You Down Under guys have had an incredible influence on harness racing here in North America. Many people say it traces to Ross Croghan. You would undoubtedly say it traces to Brian Pelling. But the names are just so prominent, Brett Pelling, Noel Daley, Nifty Norman, Chris Ryder, Tony O’Sullivan, Mark Harder, Ross Wolfenden, Aaron Lambert, Paul Jessop and undoubtedly some others that I’ve neglected. You’ve now got two of the top 10 drivers here in Andy McCarthy and Dexter Dunn. It’s hard to find a race card where you don’t see a bunch of “N” and “A” horses racing. Why is this so?
“Of course working hard is a factor, but not the only one. Almost all of them were very good horsemen to begin with. They adapted well to American racing, but also brought a good amount knowledge that they had learned in Australia and New Zealand. Added to what they learned here, it made for an excellent combination of skills.”
You made reference to the Scandinavian guys also having a great influence here. You jokingly said they are great horsemen, but the areas most of them seem to have some commonality are in stubbornness, arrogance and ignorance, but they also excel in determination. They indeed have and continue to be at or near the top of the trotting game here. You also mention that in the time that you left for Australia and returned, the trotting breed has undergone an almost complete transition. There has been far more change in trotters than with pacers. They are more athletic, smarter, better gaited and much easier to train. You are now the trainer of When Doves Cry. You said that it’s as though she comes from a different breed from the trotters that you previously knew. I think the reason can be summed up mostly in two words. They are “Valley Victory”. Do you agree?
“I’m sure that’s a big part of it, probably the biggest part. In addition to the speed and grit that Valley Victory contributed through the Muscles Yankee branch, there’s also the good sense and intelligence that comes from the branch from Cantab Hall and his sons. Then there’s the strength that you get when you combine them with the outcross to them in Andover Hall and Donato Hanover, mostly on the female end.”
Why are you not in the Living Hall of Fame in Goshen?
“You are asking the wrong guy. I’m not even sure how the process works. If not me, then certainly someone from Down Under. There have been several Europeans inducted, but not a single Aussie or Kiwi.
“Speaking only for me and I believe without any arrogance I think my achievements are worthy.
“Horses trained by me have earned in excess of $90 million, not the $60 million that the USTA carries. If anybody there cares enough, I can show them the error in their numbers.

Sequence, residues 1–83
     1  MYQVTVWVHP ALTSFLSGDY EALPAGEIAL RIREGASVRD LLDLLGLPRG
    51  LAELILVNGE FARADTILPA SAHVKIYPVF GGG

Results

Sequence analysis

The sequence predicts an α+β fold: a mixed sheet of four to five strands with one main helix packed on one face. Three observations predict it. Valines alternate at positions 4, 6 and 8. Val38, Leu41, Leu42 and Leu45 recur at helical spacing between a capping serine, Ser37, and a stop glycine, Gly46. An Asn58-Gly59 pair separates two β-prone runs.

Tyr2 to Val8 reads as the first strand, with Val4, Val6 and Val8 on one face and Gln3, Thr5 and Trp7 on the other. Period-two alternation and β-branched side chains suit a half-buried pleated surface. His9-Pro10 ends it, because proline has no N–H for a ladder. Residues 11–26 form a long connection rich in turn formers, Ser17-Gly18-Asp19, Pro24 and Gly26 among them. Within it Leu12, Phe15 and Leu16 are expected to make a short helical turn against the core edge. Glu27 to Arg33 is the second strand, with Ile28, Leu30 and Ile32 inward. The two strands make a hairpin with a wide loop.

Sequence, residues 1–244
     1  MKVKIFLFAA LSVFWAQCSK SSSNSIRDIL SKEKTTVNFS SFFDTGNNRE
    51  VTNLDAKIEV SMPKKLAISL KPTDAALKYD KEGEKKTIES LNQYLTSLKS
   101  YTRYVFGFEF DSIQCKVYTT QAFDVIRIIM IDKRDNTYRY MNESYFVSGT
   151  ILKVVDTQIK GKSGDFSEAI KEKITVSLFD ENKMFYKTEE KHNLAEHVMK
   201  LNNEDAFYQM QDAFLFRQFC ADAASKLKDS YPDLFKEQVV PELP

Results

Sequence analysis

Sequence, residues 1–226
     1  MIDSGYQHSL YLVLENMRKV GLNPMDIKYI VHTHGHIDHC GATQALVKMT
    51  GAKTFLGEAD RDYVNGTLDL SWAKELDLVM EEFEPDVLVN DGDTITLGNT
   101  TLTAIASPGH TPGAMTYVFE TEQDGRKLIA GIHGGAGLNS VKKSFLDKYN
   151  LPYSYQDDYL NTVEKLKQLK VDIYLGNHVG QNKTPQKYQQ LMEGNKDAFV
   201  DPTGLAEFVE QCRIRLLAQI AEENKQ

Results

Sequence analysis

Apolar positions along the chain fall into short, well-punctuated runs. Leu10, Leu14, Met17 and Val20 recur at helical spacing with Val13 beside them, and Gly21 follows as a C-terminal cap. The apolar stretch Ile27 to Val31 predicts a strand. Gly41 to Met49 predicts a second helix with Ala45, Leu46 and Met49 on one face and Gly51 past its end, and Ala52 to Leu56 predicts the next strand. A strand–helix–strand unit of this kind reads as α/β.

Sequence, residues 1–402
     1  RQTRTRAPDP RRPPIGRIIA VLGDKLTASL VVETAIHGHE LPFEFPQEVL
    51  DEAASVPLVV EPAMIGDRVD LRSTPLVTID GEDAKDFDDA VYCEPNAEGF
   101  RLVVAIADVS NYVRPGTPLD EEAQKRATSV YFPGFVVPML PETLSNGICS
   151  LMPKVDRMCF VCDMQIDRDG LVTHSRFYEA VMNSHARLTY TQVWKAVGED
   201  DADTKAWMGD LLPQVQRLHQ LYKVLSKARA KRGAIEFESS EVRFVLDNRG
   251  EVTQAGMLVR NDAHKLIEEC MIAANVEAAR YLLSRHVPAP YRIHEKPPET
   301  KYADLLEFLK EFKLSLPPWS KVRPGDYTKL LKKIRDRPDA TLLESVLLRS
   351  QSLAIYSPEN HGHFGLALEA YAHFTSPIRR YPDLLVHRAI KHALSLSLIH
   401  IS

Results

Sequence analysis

“I’ve been the leading trainer at The Meadowlands 10 different years.
“My horses have won four Little Brown Jugs, four Meadowlands Paces, three North American Cups, I’ve trained 20 millionaires, the winners of nine Triple Crown Races and 11 Breeders Crowns.
“Something I was most proud of was having five stallions in the top 20 for five years after I left.”
Tell us about your move to Australia and then your return to America.
“There were several reasons. My work here was getting to be repetitive. I suppose many would call it burn out. That might have been a small part of it, but far from the main reason. We wanted our children to get to know their grandparents. We also felt that we were moving them to a better society. That was both true and untrue. Most of all, we felt that we were moving them to an area where they would have the chance of securing a better education. That most definitely was not true. Down there it was more of a laissez faire system. Here it is more competitive. I believe strongly that competition is a very good thing. It brings out the best in us.
“The two kids had moved back here. Their grandparents had passed away. Frankly, I missed it. It wasn’t a hard decision to come back.
“My one huge disappointment when I returned was except for Dave McDuffee and Alan Katz, most of the people for who I had previously trained and did well — for some of them exceptionally well — walked right by me as though as though I no longer existed. From several, not so much as a ‘Hello’ or ‘How are you doing?’ I was deeply hurt.
“One exception, though, was Frank Antonacci, for who I’d never trained. Frank had picked up on my mood and came to me and said that if I bought a yearling count him in for half of it. That’s a gesture for which I will be eternally grateful.”
How’s Life for Brett Pelling today?
“I’m back doing what I think I do best. I’m 62 years old, but thankfully the fire still burns in me. I’ve got my ideal sized stable. I’m lucky enough to have several very good horses in it and a terrific bunch of owners.
“I still wake up each morning eager to do what I do. I think I’m in a very good place.”
Have a question for The Curmudgeon?
Reach him by email at: email@example.com.